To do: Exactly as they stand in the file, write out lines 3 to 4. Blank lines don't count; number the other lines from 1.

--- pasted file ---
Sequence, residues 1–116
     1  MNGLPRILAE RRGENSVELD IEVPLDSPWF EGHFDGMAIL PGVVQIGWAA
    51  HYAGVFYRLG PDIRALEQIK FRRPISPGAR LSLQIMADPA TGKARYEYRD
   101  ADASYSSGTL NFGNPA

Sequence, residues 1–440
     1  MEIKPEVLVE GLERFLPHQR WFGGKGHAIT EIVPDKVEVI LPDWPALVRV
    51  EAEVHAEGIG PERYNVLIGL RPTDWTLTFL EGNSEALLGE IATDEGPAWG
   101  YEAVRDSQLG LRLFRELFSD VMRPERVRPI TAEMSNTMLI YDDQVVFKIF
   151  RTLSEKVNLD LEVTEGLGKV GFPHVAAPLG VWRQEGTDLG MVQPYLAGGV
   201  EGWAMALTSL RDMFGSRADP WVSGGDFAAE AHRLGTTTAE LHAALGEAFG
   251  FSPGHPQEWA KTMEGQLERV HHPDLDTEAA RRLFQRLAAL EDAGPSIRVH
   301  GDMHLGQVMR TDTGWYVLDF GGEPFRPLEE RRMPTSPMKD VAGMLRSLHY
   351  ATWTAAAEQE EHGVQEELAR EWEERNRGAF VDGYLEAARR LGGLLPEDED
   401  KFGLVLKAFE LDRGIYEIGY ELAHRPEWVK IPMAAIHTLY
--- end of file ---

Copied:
    51  HYAGVFYRLG PDIRALEQIK FRRPISPGAR LSLQIMADPA TGKARYEYRD
   101  ADASYSSGTL NFGNPA